Branching Out: Forestry’s solution to the housing crisis
Exploring the carbon-positive potential of Toronto’s mass timber structures and laneway homes
It’s no secret that Toronto is facing crises on many fronts, with climate and housing—two issues that are deeply interconnected—at top of mind. In response to the climate crisis, the city announced a goal to achieve net-zero emissions “community-wide” by 2040; similarly, the city also announced a goal to build 285,000 houses by 2031 to ease the ongoing housing crisis.
Each crisis poses its own unique challenges—emphasizing the need for innovative solutions that can address each issue without compromising the other. For example, what would housing sprawl mean for the city’s net-zero goals, and how can we integrate renewable building materials in a way that keeps pace with development demands? The answer might be in our own backyard: specifically, in our forests.
For three net-zero prototype laneway houses completed for the University of Toronto, local architecture firm Baird Sampson Neuert Architects used an all-wood, prefabricated construction approach to deliver affordable, sustainable housing for gentle densification. This project—comprising 50 laneway and infill homes proposed for the Huron Sussex neighbourhood—optimizes prefabrication methods using renewable, carbon-sequestering wood construction and thermally treated ash siding.
“With respect to high-performance design, using these types of methods and materials offers a level of predictability for the outcome of the project, enabling trades with varying levels of skills to deliver uniform high-performance results,” says Jon Neuert, principal of Baird Sampson Neuert Architects. “This prefabrication approach can be scaled from stick building to mass timber operations, reducing on-site construction and community impact and accelerating construction to achieve cost reductions across the board.”
Timber on the rise
As Toronto’s need for densification increases, the project offers an inspiring blueprint for future developments, showcasing the potential of prefabrication methods and timber construction in increasing our housing supply without sacrificing respect for the environment.
With wood construction on the rise, Canada’s forest sector is a key player in augmenting the power of this tried-and-true alternative to steel and concrete. “The industry is seeing a massive interest in timber right now,” says Neuert. “But if it’s not regulated through appropriate, sustainable forestry practices, it can lead to the depletion of a resource that has the promise of being an extraordinary game changer for the industry.”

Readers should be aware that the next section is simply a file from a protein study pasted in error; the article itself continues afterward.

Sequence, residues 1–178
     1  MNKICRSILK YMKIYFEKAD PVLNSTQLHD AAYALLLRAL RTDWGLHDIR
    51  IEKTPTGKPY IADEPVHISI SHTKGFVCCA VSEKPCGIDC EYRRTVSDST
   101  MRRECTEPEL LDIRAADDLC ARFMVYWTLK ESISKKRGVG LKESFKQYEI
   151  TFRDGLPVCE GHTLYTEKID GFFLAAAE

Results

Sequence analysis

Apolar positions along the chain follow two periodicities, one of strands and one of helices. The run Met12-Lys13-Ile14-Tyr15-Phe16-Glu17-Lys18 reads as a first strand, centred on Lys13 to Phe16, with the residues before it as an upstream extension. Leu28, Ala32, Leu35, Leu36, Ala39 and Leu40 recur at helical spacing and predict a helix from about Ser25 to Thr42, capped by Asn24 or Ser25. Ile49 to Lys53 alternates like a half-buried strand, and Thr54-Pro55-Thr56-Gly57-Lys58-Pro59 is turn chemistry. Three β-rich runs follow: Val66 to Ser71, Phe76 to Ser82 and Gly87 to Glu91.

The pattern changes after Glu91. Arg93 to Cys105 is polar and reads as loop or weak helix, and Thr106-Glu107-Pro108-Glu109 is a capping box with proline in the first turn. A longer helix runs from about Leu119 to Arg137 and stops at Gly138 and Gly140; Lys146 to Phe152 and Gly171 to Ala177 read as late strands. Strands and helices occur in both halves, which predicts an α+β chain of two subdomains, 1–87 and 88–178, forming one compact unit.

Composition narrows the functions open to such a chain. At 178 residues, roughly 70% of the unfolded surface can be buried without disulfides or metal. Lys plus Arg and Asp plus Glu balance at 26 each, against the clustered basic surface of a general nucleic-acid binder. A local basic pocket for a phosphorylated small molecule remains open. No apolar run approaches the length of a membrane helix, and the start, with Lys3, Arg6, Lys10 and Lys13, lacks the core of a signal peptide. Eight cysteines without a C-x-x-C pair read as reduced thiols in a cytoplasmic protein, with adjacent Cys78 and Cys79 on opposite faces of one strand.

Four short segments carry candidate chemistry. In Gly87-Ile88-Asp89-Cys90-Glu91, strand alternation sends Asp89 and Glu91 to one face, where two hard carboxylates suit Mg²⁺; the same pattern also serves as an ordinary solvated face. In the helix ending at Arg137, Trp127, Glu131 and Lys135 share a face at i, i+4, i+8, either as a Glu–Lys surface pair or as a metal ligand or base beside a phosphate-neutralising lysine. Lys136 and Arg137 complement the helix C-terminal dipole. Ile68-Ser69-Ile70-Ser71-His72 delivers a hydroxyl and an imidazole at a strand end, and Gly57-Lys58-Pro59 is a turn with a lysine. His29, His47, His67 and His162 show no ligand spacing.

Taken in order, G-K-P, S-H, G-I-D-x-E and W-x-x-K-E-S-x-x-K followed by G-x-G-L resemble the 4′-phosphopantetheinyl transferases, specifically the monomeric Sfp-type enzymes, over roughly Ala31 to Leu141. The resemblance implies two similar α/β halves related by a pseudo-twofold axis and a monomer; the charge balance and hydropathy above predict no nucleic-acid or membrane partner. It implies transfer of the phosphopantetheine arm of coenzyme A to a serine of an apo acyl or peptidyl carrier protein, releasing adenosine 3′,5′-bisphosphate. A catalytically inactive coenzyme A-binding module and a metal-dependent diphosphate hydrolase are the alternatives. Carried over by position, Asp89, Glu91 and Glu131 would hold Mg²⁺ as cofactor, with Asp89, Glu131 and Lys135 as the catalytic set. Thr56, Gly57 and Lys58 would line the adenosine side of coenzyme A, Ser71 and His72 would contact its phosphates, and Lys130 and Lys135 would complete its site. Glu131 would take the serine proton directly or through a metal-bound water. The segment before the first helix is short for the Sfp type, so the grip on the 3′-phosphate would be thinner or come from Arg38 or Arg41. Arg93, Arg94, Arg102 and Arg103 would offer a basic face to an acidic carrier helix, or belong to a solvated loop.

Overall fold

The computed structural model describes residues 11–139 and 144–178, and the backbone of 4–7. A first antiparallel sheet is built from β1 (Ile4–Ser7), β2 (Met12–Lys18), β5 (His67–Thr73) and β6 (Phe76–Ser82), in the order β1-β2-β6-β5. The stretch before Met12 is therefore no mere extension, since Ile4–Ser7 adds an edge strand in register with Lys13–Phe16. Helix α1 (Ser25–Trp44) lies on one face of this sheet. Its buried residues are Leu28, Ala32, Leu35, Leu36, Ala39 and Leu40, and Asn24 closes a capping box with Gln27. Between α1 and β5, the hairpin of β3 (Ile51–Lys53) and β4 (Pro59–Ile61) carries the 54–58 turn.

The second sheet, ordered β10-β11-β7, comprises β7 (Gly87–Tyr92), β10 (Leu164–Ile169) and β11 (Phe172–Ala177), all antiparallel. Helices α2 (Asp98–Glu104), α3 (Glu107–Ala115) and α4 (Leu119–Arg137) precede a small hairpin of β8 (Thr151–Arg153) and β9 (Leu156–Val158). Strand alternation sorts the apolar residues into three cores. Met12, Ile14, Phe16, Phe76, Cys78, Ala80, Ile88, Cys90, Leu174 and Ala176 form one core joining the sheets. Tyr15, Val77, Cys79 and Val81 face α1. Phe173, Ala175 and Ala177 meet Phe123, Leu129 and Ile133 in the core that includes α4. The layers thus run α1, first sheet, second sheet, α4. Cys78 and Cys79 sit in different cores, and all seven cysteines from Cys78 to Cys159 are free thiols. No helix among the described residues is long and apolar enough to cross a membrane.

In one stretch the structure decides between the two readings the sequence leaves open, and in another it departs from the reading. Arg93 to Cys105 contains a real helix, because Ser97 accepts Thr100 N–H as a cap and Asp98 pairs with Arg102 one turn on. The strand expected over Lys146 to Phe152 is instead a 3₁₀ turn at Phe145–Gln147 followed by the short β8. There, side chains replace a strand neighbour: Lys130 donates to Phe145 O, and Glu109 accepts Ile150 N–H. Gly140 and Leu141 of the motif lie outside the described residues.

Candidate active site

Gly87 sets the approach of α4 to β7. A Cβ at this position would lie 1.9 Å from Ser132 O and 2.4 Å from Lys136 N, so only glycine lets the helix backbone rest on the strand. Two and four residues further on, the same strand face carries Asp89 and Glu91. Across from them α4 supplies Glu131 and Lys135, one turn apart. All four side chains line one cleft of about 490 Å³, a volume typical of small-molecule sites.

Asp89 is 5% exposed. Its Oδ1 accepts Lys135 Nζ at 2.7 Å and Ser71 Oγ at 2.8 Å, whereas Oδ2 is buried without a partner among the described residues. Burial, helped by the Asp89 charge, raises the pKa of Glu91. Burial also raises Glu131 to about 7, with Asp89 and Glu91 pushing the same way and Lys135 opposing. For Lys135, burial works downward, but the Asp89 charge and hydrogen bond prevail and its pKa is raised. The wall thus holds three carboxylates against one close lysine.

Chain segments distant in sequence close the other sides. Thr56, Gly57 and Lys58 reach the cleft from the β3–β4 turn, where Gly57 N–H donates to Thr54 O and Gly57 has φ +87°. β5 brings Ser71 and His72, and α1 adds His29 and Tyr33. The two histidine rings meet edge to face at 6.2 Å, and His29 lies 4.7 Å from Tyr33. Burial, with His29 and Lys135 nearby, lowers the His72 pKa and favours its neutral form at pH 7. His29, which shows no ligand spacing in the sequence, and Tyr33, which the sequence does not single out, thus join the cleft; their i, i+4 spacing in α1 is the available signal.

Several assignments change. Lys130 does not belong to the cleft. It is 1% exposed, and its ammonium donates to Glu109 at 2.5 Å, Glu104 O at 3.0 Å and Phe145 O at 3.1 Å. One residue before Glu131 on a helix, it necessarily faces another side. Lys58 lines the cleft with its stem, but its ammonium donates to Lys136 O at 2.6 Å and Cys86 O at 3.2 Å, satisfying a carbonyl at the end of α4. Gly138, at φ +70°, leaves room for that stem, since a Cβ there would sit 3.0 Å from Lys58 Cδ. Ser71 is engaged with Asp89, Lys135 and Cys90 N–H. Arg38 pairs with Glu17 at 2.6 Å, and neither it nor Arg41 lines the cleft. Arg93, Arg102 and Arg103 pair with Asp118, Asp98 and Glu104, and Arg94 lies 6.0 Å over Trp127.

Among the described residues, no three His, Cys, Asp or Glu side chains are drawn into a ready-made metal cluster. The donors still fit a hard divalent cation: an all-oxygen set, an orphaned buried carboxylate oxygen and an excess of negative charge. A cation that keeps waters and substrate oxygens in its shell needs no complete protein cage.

Canada’s forests—and its forest sector—have a vital role to play in meeting climate goals and in Canada’s drive toward a green economy. In Toronto, the fastest-growing metropolitan area in the country, a healthy supply of renewable, carbon-sequestering timber is filling the gap between our housing development and net-zero emissions targets.
Minimizing damage—and cost
As trees age, they become susceptible to pest outbreaks and disease, thus rendering them more vulnerable to forest fires, which release CO2 back into the atmosphere. To mitigate these risks, Canada’s forest professionals carefully plan out harvesting and replanting cycles and renewing the forests’ capacity to capture carbon. By building infrastructure with wood from Canada’s certified forests, the sector presents a sustainable solution that can also enhance architectural diversity and offer big benefits for city developers.
Mass timber structures can reduce carbon pollution during construction by up to 45 per cent and generally require less energy to heat and cool year-round, resulting in greener, more resilient communities. Through quicker assembly and lighter structures, mass timber can potentially accelerate construction timelines—by up to 25 per cent—and reduce costs for developers, directly tackling the city’s housing crisis.
“We’re excited about timber and its biophilic design opportunities,” says Neuert. “For the development of a mass timber, net-zero Montessori school currently in the works, we’re working with the Forest Stewardship Council (FSC) to select FSC-certified products, providing us assurance that the wood has been responsibly sourced, along with access to expert knowledge about this transformative material.”
To learn more about Canada’s forestry industry and the power of timber, visit forestryforthefuture.ca.